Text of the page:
How to handle siblings that fight

Although all siblings will fight at times, research has shown that they will both have higher long-term well-being if they have a close bond.

What should parents do when siblings fight and have a strained relationship?

Our default instinct is to punish the offending child. Although this may be necessary for some situations, it isn't ideal for long-term behavior change. Instead of behavior change, often it just shifts the child's focus to the "unfairness" of the parent. This might further damage the relationship with the sibling that "told" or "cried out."

What should we do instead?

First, during a period when neither is primitive (upset), you should explain to the children that if they have a close relationship, they will both have higher long-term happiness. On the other hand, if they don't have a close relationship, they will both have lower long-term happiness. They need time to think about this, so you don't want to say it when they are mad at each other. As a side note, you can also say the same is true for their relationship with each parent.

Next, when they have a serious argument where feelings are clearly hurt, you want to force them to name 3-5 feelings (from the emotion list below) that the other sibling had during the argument and why they had those feelings. The child will not want to do this, so usually, you have to take something away until they are ready (no tv, take away their device, send them to their room, etc.) Say something like, "Let me know when you are ready to name feelings, but no TV until you are ready."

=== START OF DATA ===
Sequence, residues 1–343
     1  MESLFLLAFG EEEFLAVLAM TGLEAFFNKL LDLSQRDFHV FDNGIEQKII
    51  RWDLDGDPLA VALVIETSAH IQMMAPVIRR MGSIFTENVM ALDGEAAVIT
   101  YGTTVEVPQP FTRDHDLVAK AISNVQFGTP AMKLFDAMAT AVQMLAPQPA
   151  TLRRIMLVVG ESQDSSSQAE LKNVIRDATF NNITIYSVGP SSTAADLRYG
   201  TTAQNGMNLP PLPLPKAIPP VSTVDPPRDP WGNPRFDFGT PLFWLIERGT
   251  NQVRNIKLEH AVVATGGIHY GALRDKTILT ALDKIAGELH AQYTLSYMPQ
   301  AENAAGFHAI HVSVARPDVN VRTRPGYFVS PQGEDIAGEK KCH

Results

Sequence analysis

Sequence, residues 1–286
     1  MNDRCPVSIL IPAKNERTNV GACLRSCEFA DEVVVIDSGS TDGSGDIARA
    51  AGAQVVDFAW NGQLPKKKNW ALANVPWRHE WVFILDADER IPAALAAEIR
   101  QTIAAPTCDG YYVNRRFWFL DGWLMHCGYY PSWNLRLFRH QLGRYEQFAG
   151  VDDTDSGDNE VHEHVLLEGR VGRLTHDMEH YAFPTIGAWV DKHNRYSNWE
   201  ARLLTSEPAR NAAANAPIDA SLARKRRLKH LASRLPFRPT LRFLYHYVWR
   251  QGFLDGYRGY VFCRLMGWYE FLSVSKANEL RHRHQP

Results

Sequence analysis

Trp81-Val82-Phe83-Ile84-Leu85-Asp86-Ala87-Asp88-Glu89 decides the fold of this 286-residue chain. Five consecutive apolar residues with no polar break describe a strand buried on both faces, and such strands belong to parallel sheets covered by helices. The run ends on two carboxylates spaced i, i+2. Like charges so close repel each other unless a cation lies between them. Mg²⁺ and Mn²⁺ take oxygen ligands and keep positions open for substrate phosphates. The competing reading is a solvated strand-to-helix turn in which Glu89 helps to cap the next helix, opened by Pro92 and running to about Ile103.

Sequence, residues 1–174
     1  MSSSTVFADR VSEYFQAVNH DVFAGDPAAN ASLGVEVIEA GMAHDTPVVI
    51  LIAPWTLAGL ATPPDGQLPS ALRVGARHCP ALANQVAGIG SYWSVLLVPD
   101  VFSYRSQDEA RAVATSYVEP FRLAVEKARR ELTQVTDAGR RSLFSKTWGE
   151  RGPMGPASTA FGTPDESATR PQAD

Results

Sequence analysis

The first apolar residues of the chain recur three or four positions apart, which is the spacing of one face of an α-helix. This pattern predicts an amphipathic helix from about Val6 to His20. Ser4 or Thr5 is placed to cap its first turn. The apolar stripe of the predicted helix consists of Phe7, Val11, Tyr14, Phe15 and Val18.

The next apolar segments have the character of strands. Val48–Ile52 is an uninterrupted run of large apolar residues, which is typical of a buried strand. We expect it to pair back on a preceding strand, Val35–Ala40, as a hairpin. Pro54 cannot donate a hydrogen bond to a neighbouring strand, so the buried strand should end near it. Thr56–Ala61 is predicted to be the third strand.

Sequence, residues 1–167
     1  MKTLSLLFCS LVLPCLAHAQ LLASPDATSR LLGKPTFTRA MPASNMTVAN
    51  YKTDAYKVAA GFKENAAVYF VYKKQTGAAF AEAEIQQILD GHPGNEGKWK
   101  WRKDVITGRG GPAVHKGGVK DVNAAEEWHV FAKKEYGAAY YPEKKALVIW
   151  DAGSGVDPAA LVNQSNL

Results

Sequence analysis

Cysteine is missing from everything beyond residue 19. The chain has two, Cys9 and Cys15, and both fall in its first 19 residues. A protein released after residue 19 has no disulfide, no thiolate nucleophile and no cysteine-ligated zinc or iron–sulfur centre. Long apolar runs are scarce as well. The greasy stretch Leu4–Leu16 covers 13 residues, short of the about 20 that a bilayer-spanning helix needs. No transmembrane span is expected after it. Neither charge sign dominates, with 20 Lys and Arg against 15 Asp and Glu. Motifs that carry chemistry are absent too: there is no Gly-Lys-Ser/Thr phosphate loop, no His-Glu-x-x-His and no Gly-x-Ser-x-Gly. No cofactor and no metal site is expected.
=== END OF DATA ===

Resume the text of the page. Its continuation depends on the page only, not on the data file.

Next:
Example of what parent might say:  Ok, <sibling 1> I want you to look at this emotion list and name 3 (or 5) emotions from the list you think your brother/sister felt during this situation.

The child may grumble a bit, say they can't, or try one of the tactics below:

  • They will want to talk about their own feelings. Don't let them do this unless they clarify their feelings to the sibling trying to guess. When siblings yell their feelings at each other, they are actually "weaponizing" feelings, making the primitive portion of their brain take over when feelings are discussed. We never want to weaponize feelings, so we avoid "I feel" statements and instead use "Did you feel" statements.
  • They will try to do it in a sarcastic, angry, or condescending way. If you see this, say something like, "It looks like you aren't ready to do this, and really mean it. Let me know when you are ready, but no TV/devices/etc. until you are ready."
  • They will say it is a punishment. You can explain that it just helps them learn empathy which is a core value in our family, but they can call it punishment if they want.

Don't let them get out of it, but you can help them the first few times. For younger kids, you may need to read them some related emotions and explain what the emotions mean.

For each appropriate emotion they pick, ask, "Why do you think they felt that way?"

When one child has named three to five emotions, then switch to the other child and have them name three to five of the other child.

When both have completed the task, it is done.

Why does it work?

This method is effective because it changes long-term behavior. When a child comes up with the sibling's feelings, they cannot help but feel those negative feelings themselves. In the future, when they are about to hurt their sibling's feelings again, they will preemptively feel the emotions they are about to cause in their siblings. Since none of us like to feel negative feelings, they will shy away from the behavior. Note that it may take five or more of these exercises before you see significant change.

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